Your reasons for the lateen rig are the same ones that led to me preferring the standing lug. I'll have to go do some research and thinking to decide on which one appeals more to me. I really wanted the Hobie AI rig to work, but I can't deal with the lack of twist control. If you think I can hit the weight targets then a centreboard does make more sense. I was thinking that if I fail to meet the weight targets then the boards could be portaged with the rig in a separate trip from the hull and that daggerboard cases are lighter.

    Your sliding seat thoughts are really interesting and will lead me into a deep research rabbit hole of playing designing games. The sliding seat would be much more comfortable and keep the overall beam down for storage and portages. It would also give a nicer double bladed paddling experience. I hadn't quite realized that there was enough width in the hull for that to work.

    I think this is all just barely possible, the hardest part is hitting the weight target but if I fail at that then I'll still have a cartoppable boat that is fun to use in all conditions. The gear carrying isn't that big deal since if I go with freeze-dried food it all fits into a 40L pack. The only time I'm worried at all about stability is raising and lowering the rig, since the gear will be in a dry bag and tippy fast boats are fun. I'm also not planning on using this on trips in the shoulder season without a wet suit since it'll be wet even without a capsize.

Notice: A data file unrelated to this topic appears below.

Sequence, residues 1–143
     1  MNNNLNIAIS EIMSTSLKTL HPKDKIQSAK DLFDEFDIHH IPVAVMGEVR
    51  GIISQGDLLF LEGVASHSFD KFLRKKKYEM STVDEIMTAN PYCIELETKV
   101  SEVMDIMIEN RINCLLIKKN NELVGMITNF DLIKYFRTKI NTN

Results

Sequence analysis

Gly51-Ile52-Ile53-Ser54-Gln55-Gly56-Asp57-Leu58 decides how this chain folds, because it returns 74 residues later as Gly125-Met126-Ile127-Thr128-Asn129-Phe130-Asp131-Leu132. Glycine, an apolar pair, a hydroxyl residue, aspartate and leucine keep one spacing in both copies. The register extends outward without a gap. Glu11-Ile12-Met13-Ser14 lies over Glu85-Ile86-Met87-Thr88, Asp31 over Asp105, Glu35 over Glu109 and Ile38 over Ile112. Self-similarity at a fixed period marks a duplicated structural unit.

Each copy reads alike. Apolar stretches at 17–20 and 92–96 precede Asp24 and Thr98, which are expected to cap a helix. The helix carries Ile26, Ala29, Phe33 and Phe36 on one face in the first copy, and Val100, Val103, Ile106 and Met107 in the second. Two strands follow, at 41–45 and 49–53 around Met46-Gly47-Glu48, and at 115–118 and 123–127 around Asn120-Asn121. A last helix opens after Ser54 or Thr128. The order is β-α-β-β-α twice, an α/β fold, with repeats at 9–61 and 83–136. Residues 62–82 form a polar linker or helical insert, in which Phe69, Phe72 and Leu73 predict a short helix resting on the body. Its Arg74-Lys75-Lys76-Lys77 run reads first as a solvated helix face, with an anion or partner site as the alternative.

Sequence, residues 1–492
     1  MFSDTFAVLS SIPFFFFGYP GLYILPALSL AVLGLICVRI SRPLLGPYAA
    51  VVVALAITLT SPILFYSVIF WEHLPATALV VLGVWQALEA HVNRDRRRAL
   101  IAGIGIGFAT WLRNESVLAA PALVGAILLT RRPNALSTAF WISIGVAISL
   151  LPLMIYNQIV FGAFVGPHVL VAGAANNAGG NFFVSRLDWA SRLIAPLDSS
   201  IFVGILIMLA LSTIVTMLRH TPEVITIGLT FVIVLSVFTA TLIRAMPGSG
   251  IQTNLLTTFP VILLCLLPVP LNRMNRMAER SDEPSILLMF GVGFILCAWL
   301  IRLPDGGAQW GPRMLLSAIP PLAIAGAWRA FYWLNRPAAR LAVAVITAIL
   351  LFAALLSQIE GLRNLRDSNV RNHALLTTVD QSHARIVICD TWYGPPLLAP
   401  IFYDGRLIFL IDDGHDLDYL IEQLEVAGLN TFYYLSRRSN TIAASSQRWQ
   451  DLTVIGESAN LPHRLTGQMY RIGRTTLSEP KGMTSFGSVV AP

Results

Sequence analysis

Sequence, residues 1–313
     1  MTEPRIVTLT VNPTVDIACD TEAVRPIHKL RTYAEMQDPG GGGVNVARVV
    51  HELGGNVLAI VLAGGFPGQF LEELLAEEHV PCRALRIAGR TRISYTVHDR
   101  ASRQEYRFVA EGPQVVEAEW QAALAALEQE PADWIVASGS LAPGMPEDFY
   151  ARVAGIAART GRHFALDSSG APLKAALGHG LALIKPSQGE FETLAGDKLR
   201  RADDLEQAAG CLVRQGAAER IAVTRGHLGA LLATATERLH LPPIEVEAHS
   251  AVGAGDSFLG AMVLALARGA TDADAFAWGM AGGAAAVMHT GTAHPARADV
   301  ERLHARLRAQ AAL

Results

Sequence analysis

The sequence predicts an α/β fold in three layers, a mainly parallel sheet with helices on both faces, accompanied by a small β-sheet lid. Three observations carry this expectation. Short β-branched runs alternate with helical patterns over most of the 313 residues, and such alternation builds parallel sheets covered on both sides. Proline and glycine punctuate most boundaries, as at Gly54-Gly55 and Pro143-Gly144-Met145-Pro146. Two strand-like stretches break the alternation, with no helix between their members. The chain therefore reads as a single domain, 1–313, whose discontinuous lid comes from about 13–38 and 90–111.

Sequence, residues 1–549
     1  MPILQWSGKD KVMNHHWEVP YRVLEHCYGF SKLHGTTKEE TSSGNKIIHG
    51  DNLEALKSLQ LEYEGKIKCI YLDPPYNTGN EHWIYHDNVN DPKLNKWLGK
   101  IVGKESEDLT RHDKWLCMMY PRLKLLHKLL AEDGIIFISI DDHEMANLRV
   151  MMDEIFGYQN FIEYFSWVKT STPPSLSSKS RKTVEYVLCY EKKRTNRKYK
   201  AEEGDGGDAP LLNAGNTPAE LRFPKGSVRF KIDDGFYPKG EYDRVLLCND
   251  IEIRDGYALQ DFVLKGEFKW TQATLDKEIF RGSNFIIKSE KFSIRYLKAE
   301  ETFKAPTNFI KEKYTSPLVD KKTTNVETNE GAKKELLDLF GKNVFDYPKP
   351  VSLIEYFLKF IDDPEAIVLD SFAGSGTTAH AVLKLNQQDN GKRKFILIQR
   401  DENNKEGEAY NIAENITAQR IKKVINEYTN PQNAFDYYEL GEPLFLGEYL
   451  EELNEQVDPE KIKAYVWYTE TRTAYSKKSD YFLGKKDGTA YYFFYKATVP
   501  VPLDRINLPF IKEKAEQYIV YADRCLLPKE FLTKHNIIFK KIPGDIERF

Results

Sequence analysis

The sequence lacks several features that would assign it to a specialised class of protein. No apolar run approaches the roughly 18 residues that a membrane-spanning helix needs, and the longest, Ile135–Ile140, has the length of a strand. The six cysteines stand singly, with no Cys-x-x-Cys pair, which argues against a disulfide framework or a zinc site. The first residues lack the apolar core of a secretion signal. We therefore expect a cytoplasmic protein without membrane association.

5. #5
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    Default Re: Amateur sailing canoe design

    I've been playing with sailing canoe design for two years now myself. My requirements are a little tougher because I have a wife that likes to come along!

    I built a model based on the 16 foot Bolger Yellow Leaf, with tiny transom in the back instead of a double ender, an 8 foot cockpit, fore and aft decks with hatches, side decks, a push-pull rubber, and a short boomless sprit rig that can stow under the side decks.
    I think it can be built out of three sheets of plywood, which means the weight might be in the 75 to 100 pound range depending on how carried away I get and what type of ply is used. It will only have about 340 pound max usable load though, which is light for two adults with camping gear. For one man with a six -1/2 foot cockpit, it might fine.

    I figure the simple flat bottom boat will carry the most sail and cargo too, for that matter. With two people using single paddles, I imagine it will not to to much worse than my other 16 foot boats. I don't like the small boomless sail or the leeboard arrangement. I'll have to get some photos to post.

    I also got the plans for the similar if a little larger Bolger Pirogue from Common Sense Designs. It's 16' x 3'3", with greater freeboard, yet supposedly only 85 pounds. This boat is set up for rowing ( Bolgers favorite method of propulsion ) and sailing but can be paddled too. The sail is rather small at 39 sq. ft, but I don't see why it couldn't carry a Sunfish rig, given moderate weather and a good sailor.



    What stopped me is the fact that any of these sailing canoes probably need to go on a trailer instead of atop the car as my canoes and skiffs do.

  6. #6
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    Default Re: Amateur sailing canoe design

    I guess I should add that my quest eventually lead me to get a set of plans for a Redmond Wisp, a 15' 7" by 3'6" ultralight sharpie skiff -